Image: Mike Pence
Lawrence Jackson  /  AP file
Rep. Mike Pence, R-Ind., co-sponsor of a bill that would protect reporters from being imprisoned by federal courts when they don't reveal sources, says journalists should feel comfortable to report "without fear of intimidation or imprisonment."
updated 7/20/2005 2:20:51 PM ET 2005-07-20T18:20:51

Under fire for presidential adviser Karl Rove's role in the leak of an undercover CIA agent's identity, the Bush administration on Wednesday labeled as "bad public policy" legislation to protect reporters from being jailed when they refuse to reveal their sources.

Deputy Attorney General James Comey canceled his appearance before the Senate Judiciary Committee just before a hearing on this issue was to commence Wednesday morning. In prepared remarks already submitted to the panel, Comey said the measure would "create serious impediments" to the Justice Department's ability "to effectively enforce the law and fight terrorism."

"The bill is bad public policy primarily because it would bar the government from obtaining information about media sources — even in the most urgent of circumstances affecting the public's health or safety or national security," Comey's prepared remarks said.

"If that is so," said Sen. Christopher Dodd, "then wouldn't we expect to see great threats to public safety in those states that have shield laws which are at least as protective as the shield laws that we propose?" Dodd is a consponsor of the Senate bill.

Journalist protective laws exist on state level
Thirty-one states and the District of Columbia have such "shield" laws, but there is no set of standards that applies in federal courts.

Sen. Arlen Specter, the panel's chairman, said that Comey could not be present for the hearing because he needed to testify in the House at a hearing on the renewal of the terrorism-fighting Patriot Act.

The panel is considering a bill sponsored by Sen. Richard Lugar and Rep. Mike Pence, both Indiana Republicans, that would protect reporters from being imprisoned by federal courts.

Two weeks ago, a federal judge sent New York Times reporter Judith Miller to jail for refusing to divulge who told her that Valerie Plame, the wife of former Ambassador Joseph Wilson, was a CIA officer. Miller never actually wrote a story using the name of the formerly undercover CIA officer.

Pointing to broader implications, the special prosecutor in the Plame case, Patrick Fitzgerald, said earlier this month that "we can't have 50,000 journalists" making their own decisions about whether to reveal sources.

Sources would be identified in national security situations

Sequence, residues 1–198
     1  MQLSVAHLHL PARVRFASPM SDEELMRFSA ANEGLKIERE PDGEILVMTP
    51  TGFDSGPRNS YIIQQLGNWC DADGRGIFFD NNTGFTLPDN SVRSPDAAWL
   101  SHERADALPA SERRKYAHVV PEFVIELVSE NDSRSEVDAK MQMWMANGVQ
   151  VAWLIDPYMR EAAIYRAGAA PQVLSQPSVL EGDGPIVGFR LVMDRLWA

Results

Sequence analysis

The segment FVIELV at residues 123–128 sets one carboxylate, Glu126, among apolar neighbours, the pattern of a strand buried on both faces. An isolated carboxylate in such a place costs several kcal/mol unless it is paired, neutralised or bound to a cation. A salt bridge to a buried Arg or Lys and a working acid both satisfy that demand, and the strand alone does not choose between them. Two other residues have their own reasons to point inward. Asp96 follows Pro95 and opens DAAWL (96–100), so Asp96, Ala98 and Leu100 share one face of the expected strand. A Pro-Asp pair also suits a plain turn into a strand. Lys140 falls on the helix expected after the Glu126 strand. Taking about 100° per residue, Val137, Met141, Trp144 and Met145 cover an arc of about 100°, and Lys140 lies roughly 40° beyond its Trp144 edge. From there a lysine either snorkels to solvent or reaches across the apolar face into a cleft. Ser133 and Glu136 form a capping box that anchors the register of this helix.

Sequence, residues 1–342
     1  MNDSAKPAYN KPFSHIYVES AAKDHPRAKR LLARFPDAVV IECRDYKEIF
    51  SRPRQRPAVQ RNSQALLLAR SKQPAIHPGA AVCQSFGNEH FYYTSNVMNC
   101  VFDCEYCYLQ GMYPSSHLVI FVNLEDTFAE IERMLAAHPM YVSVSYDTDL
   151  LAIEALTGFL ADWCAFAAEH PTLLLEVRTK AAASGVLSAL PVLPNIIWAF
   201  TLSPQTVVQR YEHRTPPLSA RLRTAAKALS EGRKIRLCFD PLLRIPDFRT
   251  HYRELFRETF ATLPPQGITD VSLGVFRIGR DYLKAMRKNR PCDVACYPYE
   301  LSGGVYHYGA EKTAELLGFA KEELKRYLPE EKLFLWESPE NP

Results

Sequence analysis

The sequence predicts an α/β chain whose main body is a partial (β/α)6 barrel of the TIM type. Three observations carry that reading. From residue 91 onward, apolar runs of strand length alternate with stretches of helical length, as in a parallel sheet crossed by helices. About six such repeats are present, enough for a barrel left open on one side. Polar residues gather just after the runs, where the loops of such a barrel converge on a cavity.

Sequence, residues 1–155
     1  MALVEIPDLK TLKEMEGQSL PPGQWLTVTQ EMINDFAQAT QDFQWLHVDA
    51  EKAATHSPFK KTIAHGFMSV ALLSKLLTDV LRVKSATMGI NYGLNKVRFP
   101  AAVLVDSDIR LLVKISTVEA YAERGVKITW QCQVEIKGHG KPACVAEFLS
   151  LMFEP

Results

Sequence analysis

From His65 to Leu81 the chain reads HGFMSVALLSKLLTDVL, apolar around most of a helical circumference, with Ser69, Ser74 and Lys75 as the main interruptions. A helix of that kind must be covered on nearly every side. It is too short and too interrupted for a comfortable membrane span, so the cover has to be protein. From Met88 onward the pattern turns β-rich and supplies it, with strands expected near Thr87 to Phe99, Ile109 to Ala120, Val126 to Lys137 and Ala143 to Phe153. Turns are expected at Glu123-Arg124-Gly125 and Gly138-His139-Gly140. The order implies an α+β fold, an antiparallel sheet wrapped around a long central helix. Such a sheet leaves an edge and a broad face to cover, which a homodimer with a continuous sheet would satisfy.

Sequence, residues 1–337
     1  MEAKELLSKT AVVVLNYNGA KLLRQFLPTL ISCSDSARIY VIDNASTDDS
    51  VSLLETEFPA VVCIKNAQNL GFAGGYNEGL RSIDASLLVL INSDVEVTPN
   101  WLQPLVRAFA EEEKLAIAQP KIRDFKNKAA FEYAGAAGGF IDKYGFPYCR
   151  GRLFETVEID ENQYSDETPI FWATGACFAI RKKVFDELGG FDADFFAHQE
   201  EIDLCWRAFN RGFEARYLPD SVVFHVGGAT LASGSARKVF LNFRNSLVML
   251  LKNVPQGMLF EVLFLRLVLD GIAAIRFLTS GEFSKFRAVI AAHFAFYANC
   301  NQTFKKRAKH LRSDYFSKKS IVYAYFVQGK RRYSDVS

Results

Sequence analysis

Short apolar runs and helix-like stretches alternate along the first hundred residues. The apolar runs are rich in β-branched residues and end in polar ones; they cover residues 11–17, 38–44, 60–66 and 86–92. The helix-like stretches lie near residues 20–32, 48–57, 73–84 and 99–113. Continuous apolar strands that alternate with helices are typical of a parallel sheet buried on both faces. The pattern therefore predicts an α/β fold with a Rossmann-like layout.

The bill would stop short of giving reporters absolute immunity. In response to a request from Justice, the sponsors added an exception for cases where source identification is essential for protecting national security.

"It simply gives journalists certain rights and abilities to seek sources and report appropriate information without fear of intimidation or imprisonment, much as, in the public interest, we allow psychiatrists, clergy and social workers to maintain confidences," Pence said in prepared testimony.

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A journalist who did publish Plame's identity, Time magazine's Matt Cooper, barely escaped being sent to jail when he said his source, Rove, had released him from their confidentiality agreement. He told the committee that protecting reporters and their sources is key to the media's ability to shine light on government wrongdoing.

"It's not about us journalists as some priestly class but it is about the public and our democracy," Cooper told the panel.

The patchwork of state shield laws and the absence of a federal statute make it confusing for reporters promising sources anonymity in exchange for information, Cooper said.

In need of clarification
"We need some clarity," he said. "As a working journalist, I'd like to know better what promises I can legally make and which ones I can't."

Also testifying were Time magazine Editor in Chief Norman Pearlstine, media lawyer Floyd Abrams and Lee Levine, a lawyer who represents Associated Press and Los Angeles Times reporters in the government's probe of who leaked information about nuclear scientist Wen Ho Lee.

In his testimony before the committee Wednesday, Levine cited a list of legal and journalistic precedents for a national shield law.

"Given that, I believe the time has now come for congressional action," Levine said.

A storm has raged around the leak of the CIA officer's name in July 2003.

President Bush said Monday that if anyone in his administration committed a crime in connection with the public leak of the identity of a CIA operative, that person will "no longer work in my administration." The statement came a day after Cooper said a 2003 phone call with Rove was the first time he heard about the wife of Bush administration critic Joseph Wilson apparently working for the agency.

Disclosing identity a federal crime
Disclosure of an undercover intelligence officer's identity can be a federal crime if prosecutors can show the leak was intentional and the person who released that information knew of the officer's secret status.

Plame's name was disclosed in a column by Robert Novak days after her husband, a former ambassador, questioned part of Bush's justification for invading Iraq. A federal grand jury is investigating whether a crime was committed.

U.S. District Judge Thomas Hogan held Miller and Cooper in contempt in October, rejecting their argument that the First Amendment shielded them from revealing their sources. Last month the Supreme Court refused to intervene.

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